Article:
Building a Better Developer Community Webinar Wrap-up
12/12/2012 12:52 AM
Jono Bacon delivered an Outercurve Foundation webinar last week on Building a Better Developer Community. Jono is the Ubuntu community manager for Canonical, the author of “The Art of Community”, and the organizer behind the annual Community Leadership Summit so he is well qualified to discuss what it takes to evolve a strong community.
Jono shared his take on the four essential mechanics of community:
- Communications: It’s important to build strong communications channels for a group of geographically distributed people. It’s also important to ensure there are appropriate channels for people doing the work. For example, forums tend to be more popular with users while IRC and email reflectors tend to be more popular with developers.
- Structure and teams: Different people will have different interests and its good to consider how work can be structured for different teams of people. This is where governance comes into play and how leadership works within and across teams.
- Collaboration: People will need resources to collaborate with one another, and these tools need to be relevant to those doing the work. Developers will need different tools and workflow than documentation people, or people interested in art and design.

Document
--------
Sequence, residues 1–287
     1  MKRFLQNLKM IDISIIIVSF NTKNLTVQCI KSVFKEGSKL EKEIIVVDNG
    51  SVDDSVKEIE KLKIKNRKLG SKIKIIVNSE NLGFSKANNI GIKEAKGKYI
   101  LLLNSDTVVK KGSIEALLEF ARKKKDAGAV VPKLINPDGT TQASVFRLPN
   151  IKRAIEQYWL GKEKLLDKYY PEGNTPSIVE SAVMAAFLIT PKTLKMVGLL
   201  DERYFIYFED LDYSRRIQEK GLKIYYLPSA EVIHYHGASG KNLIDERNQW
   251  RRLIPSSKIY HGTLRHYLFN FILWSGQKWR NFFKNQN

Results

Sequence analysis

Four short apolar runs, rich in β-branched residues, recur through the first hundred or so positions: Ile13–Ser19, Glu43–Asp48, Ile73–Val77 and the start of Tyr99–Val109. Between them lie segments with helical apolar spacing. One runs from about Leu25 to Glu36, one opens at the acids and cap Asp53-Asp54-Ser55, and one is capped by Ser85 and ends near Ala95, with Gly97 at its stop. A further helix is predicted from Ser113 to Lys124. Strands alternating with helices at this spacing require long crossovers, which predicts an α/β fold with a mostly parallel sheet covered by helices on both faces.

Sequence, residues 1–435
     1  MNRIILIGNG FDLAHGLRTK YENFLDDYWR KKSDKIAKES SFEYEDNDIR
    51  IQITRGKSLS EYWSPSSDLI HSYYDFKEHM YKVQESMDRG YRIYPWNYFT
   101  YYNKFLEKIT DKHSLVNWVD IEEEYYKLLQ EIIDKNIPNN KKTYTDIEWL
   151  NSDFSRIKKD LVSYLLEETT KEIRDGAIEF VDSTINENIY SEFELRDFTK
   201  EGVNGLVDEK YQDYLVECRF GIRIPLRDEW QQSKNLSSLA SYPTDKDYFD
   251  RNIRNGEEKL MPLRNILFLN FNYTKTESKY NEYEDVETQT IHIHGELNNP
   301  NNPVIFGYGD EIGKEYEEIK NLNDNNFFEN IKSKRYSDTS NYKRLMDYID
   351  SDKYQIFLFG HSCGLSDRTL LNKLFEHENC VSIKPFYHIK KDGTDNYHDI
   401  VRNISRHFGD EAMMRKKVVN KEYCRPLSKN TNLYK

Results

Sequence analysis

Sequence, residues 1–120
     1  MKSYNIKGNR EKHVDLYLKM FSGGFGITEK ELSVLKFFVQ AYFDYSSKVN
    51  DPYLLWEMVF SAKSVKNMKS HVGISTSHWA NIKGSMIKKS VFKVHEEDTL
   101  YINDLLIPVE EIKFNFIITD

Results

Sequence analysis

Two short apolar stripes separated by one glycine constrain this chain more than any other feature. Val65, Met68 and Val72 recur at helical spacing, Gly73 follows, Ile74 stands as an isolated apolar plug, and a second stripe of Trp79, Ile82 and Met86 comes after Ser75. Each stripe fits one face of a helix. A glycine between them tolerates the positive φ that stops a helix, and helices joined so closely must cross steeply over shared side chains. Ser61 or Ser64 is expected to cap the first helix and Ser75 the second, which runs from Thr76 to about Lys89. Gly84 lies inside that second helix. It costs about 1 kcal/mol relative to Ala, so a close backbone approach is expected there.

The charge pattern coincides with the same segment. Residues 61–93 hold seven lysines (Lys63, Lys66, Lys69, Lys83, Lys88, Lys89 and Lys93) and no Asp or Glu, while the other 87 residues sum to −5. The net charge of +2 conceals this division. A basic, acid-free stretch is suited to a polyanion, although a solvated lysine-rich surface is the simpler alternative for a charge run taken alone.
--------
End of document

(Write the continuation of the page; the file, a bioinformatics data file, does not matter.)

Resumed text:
- Environment: Jono defined the culture of the project as the project environment. This is where community management comes into play to set the mission, to co-ordinate the teams and ensure everyone is moving in a share common direction towards the next milestones and releases.
While having those mechanics in place are essential, Jono also spoke to need to pay attention to how people get involved in a community. First, there needs to be an on-ramp where people discover your project, get interested and try things out. Next, those people need to be developed and given the skills and knowledge needed to succeed. This isn’t simply documentation but could be events like developer days. As people become comfortable and competent, they need to be directed towards ways they can contribute. (Jono pointed out the Ubuntu developer community started tagging easier bugs in triage as “bite size” so people interested in getting involved could find easy places to start.) Lastly, the community needs to reward and celebrate contributors and their success to provide positive reinforcement.
Ultimately building a strong community is about building a sense of belonging for all a community’s participants. The webinar is available online (slides with audio presented after you register). Please provide us feedback on this webinar and others you would like to see from the Outercurve Foundation.